Last September, the Union-Tribune reported that city telephone records obtained under the California public records act showed that on May 14, 2001, a call was placed from Cohen's desk in Inzunza's city council office to Lance Malone, the Las Vegas-based lobbyist for the Cheetahs strip club. The paper reported that a total of 46 calls were made from various phone lines in Inzunza's office to Malone. Campaign records show that in June 2001, Inzunza collected $5250 for his city council campaign from Galardi and associates.
Malone has since been indicted in the Cheetahs bribery case that also resulted in the indictment of Inzunza. Both men have pled innocent and are awaiting trial. Malone's boss, Cheetahs club owner and Las Vegas resident Michael Galardi, and John D'Intino, a longtime San Diego restaurant manager and a Galardi employee, have both entered guilty pleas to bribery-related charges and are awaiting sentencing. They are expected to testify against Malone, Inzunza, and the two other defendants in the case, San Diego city councilmembers Charles Lewis and Michael Zucchet, who have also entered not-guilty pleas in federal court to allegations that they and Inzunza accepted bribes to weaken the city's nude-dancing regulations.
According to state campaign finance filings, last year Vargas's assembly reelection committee paid Cohen a total of $23,354. The bulk of that, $20,761, was paid on July 3. The purpose of the payments was listed as "Fundraising Events." That same day, Vargas chief of staff Colin Rice was listed as being paid $10,381 for the same purpose.
Cohen not only received money from Vargas last year, he also showed up as a donor to Inzunza. On June 25, according to financial disclosure statements, he and his wife Laura gave $250 each to Inzunza's 2006 city council reelection committee. Most of the $112,063 contributed to that committee through December of last year has been used by Inzunza to defray the more than $100,000 in legal expenses he has incurred defending himself in the Cheetahs case.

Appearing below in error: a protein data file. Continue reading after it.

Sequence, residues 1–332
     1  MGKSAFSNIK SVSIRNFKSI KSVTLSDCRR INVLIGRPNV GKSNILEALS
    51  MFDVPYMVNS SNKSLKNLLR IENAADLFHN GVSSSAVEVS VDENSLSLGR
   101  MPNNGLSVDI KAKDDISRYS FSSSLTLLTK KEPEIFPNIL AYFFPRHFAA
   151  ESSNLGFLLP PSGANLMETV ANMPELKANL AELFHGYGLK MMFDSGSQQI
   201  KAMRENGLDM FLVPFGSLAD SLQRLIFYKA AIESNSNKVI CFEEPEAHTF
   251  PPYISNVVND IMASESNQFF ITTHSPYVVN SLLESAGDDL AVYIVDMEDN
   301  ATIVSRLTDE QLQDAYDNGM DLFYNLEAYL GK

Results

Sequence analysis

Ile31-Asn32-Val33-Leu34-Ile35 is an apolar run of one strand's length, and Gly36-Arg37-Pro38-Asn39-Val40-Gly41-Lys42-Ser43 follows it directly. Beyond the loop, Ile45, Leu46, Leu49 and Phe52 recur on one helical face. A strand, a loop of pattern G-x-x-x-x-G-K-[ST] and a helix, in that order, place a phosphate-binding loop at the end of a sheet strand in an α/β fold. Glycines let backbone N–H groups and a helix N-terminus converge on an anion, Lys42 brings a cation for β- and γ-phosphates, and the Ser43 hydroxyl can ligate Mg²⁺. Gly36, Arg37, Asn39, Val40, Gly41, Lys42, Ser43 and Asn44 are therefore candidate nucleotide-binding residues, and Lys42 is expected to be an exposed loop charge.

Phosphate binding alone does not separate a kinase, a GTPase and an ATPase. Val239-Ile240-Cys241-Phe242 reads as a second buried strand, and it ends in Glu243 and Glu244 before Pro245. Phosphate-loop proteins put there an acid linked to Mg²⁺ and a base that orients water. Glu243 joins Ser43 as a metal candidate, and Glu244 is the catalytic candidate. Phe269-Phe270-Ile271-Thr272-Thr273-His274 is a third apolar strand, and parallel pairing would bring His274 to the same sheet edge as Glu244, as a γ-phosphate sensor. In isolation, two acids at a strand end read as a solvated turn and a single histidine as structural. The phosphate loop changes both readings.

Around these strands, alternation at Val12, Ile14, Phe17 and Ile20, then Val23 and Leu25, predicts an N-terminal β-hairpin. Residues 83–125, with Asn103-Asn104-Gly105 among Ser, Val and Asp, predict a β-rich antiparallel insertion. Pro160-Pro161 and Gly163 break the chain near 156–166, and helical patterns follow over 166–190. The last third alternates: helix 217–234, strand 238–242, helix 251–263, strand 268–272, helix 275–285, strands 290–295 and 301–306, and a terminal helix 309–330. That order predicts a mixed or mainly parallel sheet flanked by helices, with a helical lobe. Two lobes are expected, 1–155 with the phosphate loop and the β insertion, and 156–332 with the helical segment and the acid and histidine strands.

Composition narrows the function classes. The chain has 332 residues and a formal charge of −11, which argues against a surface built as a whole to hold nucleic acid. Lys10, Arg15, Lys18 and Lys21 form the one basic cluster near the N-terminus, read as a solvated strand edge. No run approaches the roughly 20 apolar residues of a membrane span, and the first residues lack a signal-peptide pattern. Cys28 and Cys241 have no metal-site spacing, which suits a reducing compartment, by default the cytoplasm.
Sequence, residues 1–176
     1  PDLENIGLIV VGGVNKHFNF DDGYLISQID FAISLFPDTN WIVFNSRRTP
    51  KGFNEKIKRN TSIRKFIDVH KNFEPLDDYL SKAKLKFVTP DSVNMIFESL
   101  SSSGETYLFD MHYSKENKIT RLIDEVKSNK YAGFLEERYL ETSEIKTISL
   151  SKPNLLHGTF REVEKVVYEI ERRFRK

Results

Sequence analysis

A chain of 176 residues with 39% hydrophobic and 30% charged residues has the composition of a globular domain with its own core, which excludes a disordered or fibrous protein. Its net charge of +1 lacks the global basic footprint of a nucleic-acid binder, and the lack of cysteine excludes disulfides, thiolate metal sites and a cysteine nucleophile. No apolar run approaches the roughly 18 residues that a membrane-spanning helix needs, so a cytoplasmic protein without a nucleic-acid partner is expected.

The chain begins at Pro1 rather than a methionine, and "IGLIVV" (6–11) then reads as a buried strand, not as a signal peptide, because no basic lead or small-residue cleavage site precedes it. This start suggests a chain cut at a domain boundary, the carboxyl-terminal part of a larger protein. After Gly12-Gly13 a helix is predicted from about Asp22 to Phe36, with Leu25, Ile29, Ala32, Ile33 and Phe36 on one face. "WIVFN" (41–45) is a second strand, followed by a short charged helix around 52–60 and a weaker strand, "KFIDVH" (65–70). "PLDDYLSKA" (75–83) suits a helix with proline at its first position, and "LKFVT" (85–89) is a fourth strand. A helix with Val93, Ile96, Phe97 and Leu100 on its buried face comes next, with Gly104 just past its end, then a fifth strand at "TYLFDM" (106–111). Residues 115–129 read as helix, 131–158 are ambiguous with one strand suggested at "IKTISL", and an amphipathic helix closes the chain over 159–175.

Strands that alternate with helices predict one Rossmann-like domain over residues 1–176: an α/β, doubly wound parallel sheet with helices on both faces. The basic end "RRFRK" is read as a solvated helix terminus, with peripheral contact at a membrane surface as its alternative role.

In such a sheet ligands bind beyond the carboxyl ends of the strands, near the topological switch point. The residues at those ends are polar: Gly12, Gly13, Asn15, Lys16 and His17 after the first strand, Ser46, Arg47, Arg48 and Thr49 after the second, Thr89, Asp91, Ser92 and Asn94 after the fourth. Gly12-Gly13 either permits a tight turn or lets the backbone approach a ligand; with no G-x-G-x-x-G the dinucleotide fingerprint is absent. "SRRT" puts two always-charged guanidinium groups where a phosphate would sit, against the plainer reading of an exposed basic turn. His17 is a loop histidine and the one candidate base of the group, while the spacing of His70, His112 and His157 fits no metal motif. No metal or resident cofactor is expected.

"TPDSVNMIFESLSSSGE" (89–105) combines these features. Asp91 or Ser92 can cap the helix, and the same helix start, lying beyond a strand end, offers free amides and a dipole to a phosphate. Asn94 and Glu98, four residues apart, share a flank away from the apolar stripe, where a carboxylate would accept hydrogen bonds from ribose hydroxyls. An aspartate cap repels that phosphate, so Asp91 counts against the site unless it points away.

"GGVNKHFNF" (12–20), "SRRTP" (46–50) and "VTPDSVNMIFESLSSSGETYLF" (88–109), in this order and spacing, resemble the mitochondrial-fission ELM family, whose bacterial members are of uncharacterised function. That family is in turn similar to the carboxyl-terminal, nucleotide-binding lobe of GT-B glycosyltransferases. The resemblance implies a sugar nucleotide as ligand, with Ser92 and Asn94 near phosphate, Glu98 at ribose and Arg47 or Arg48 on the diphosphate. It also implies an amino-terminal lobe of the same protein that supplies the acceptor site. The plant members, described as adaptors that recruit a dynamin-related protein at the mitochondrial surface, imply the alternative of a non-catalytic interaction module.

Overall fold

Inzunza's 2003 campaign disclosure statement lists Cohen's occupation as district manager of "Scherring [sic] Labs." After leaving Vargas's city council staff and before joining Inzunza's staff in 2001, according to news reports, Cohen had been an account manager at Schering-Plough, a pharmaceutical company. He did not respond to calls.
Besides Cohen and Rice, the largest payee among Vargas campaign vendors has been his longtime advisor and strategist, San Diego political consultant Larry Remer, and his two companies, the Primacy Group and PG Printing and Graphics. During 2003, according to state campaign finance disclosure records, PG Printing was paid $24,297 for "literature and campaign paraphernalia." The Primacy Group received $32,206 as "campaign consultants." Remer's daughter, Alexa Lawson-Remer, got $3840 for "campaign workers salary."
State records show that since 2000, the Primacy Group has been paid a total of $215,752 by state campaigns, $110,225 of that from Vargas's campaign fund. During the same period, PG Printing grossed about $1.7 million from state campaigns, approximately $110,000 from Vargas, and much of the rest from the Yes on 40 campaign of 2002, a $2.6 billion general obligation bond earmarked for environmental causes, and Prop 51, a controversial measure that would have earmarked gas-tax money for highway projects backed by the measure's financial supporters. Both the state League of Women Voters and the California Tax Reform Association opposed it, and it went down to solid defeat.
Remer is a close confidante and political advisor to San Diego city councilman Inzunza, as well as his brother Nick. From June through December of last year, the Primacy Group and PG Graphics were paid a total of $6680 by Inzunza's 2006 city council reelection committee. Most of the rest of the $110,000 raised was paid to Inzunza defense attorney Michael Pancer. During the first two months of 2002, the Remer companies received a total of $16,200 from the Inzunza city council campaign, city filings show.
Besides Vargas and Inzunza, other Remer clients have included San Diego city councilman Charles Lewis, also under indictment in the Cheetahs case; ex-councilman George Stevens, who testified before the federal grand jury that indicted the Cheetahs Three; the current mayoral campaign of San Diego County supervisor Ron Roberts; and the reelection bid of city councilman Jim Madaffer.
Last week the Union-Tribune reported that Remer has been served a federal grand jury subpoena seeking records in connection with an ongoing investigation, apparently into whether Serafin Zasueta, then-superintendent of Southwestern College, had acted with Remer to improperly steer $5890 from the school's theater department to pay for a TV spot on behalf of an $89 million bond measure in 2000. Remer told the paper he was not a target of the probe and federal officials declined comment.